This chapter concerns the writers of this tutorial. When writing, there are a few standards to follow in order to maximize consistency throughout the tutorial.

Address explanations

This section concerns the way addresses are written, as to avoid confusion.

Direct page

  • For the sake of simplicity and explanation, all direct page addresses ("$xx") shall use address $7E0000 as its base. This shall be emphasized in code block comments, as well as explanations.
LDA #$42
STA $08 ; Store the value $42 into address $7E0008

Absolute addressing

  • All absolute addresses ("$xxxx") use address $7E0000 as its base, if the address is between $0000-$7FFF inclusive. For addresses between $8000-$FFFF, address $000000 shall be used as its base instead. This shall be emphasized in code block comments, as well as explanations.
LDA $8002 ; Load the value at address $008002 into A
STA $1008 ; Store that value into address $7E1008


This section concern the styling of the document.

Inline code

  • All opcodes and instructions shall be surrounded by the markdown backtick (`), regardless of the context.
Example: The opcode LDA is used to load values into the A register. Thus, LDA #$49 loads the value $49 into A. This then can be increased to the value $4A by using INC A.

Markdown tables

  • Sentences and phrases within table cells generally shouldn't end with a period.
  • Tables introducing opcodes should have the opcodes in bold and have at least the three columns in below example:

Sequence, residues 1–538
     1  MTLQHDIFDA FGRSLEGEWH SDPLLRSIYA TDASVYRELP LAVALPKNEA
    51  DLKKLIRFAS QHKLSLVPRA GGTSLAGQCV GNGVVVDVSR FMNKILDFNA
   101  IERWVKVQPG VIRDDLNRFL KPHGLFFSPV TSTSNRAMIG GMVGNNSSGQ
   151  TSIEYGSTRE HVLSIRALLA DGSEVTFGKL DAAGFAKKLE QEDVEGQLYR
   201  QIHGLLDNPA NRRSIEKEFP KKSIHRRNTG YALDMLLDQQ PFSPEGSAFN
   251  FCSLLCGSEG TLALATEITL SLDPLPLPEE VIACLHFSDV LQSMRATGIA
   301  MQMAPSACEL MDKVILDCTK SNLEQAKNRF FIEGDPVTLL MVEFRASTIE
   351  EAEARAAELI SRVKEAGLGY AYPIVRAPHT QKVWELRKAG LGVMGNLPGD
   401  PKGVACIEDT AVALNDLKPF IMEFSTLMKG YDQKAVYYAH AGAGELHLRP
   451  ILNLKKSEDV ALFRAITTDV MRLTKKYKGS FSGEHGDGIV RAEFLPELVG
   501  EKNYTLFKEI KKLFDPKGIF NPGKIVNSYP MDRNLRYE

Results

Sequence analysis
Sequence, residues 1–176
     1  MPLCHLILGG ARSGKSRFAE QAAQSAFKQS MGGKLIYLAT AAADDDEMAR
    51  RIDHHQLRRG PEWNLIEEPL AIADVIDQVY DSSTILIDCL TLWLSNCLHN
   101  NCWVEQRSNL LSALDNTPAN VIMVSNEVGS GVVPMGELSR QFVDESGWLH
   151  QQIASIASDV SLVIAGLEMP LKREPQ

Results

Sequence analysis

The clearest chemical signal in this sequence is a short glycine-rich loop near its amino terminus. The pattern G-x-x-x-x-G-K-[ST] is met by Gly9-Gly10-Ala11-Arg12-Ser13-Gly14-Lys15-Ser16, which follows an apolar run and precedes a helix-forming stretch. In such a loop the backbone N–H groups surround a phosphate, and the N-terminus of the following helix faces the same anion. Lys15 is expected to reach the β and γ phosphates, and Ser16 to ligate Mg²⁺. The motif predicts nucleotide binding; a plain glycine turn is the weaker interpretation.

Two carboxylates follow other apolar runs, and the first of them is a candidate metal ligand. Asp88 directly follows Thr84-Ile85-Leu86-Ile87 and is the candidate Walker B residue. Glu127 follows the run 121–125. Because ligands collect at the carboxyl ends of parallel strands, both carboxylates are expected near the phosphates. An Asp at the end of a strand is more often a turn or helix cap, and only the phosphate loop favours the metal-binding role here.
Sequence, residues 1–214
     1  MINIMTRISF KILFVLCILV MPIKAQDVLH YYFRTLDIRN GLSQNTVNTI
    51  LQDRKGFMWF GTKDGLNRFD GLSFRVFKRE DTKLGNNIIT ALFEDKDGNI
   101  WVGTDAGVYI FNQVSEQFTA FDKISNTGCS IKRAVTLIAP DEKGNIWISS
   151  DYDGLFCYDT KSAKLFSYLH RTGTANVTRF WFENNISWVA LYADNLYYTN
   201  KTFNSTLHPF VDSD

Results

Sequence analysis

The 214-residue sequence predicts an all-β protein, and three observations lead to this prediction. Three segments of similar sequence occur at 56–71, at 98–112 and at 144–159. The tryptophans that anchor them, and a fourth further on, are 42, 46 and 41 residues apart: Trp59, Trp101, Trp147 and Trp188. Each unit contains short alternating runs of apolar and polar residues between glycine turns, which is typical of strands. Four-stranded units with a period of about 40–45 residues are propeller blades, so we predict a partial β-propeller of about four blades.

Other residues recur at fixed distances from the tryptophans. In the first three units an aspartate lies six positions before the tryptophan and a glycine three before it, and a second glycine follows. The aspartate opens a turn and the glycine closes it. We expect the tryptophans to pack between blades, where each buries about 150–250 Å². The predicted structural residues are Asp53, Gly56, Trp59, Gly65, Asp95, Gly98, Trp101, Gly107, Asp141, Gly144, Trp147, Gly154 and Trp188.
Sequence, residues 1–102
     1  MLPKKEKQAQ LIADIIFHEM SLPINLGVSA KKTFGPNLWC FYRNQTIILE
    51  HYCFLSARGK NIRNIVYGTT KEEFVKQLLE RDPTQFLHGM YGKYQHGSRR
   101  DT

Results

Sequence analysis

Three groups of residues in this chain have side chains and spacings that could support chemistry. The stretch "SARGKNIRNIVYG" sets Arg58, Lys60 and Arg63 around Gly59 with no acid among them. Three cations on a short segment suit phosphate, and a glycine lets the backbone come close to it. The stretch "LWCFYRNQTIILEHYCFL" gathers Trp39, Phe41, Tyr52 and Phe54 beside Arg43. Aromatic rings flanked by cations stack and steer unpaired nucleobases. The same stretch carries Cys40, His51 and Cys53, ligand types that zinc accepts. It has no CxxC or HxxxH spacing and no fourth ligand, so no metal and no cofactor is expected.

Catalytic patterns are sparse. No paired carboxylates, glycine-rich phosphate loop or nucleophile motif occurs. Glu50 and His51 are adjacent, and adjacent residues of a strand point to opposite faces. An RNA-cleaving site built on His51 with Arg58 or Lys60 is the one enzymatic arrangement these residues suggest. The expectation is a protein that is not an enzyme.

Full name
Load into accumulator
Load a value into A


This section concerns the usage of certain words in certain context.
When referring to the Ricoh 5A22 processor, use the SNES instead
The SNES is capable of entering 8-bit or 16-bit mode
When referring to a specific area in the SNES memory, always prepend address to it, preferably with the memory area (i.e. RAM)
(The) RAM address $7E0000 contains [...]
When referring to the accumulator (A) or the index registers (X and Y), just use A, X or Y
A is now in 8-bit mode. X is used to index addresses
When referring to values, always prepend value to it
A contains the value $00

Example codes

  • Code shall use indentation when there are labels, sublabels or plus/minus labels on the same line as an instruction. The amount of indentation equals the length of the longest aforementioned type of label in the code block, including colon (":"), plus two additional spaces.
    • Code shall use whitespace for indentation, not tabs.
  • Opcodes are written entirely in uppercase (e.g.: LDA).
  • Labels are written in PascalCase (e.g.: Label1:).
  • Sublabels are written entirely in lower, underscore-case and the name should semantically suit the parent label, without redundancy (e.g.: .return).
  • Defines are written in PascalCase (e.g.: !SomeDefine).
  • Direct data (db, dw, dl, dd), indexers (,x, ,y, ,s) and opcode length specifiers (.b, .w, .l) are written entirely in lowercase.
  • Comment indicators (i.e. ;) shall start on column 20, and left-padded by whitespace, not tabs.
    • If there's no space for a comment on column 20, it should start on the same line anyway.
  • In fact, never use tabs.
  • Comment indicators shall be followed by a whitespace, before the comment itself.
  • There will be an extra new line after the opcodes RTS, RTL, RTI, JMP, JML, BRA, BRL.
  • These are guidelines which are to be followed as strictly as possible, but there may be exceptional cases. Use your best judgment.
SomeLabel: ; This label is on its own line
LDA.b #$42
STA $00 ; This is a comment
db $01,$02,$03,$04 ; Another comment
db $01,$02,$03,$04,$01,$02,$03,$04 ; An exceptional comment
TestLabel: LDA #$02 ; This label is on the same line as an instruction
STA $01
+ RTS ; The code is indented according to "TestLabel", not "+"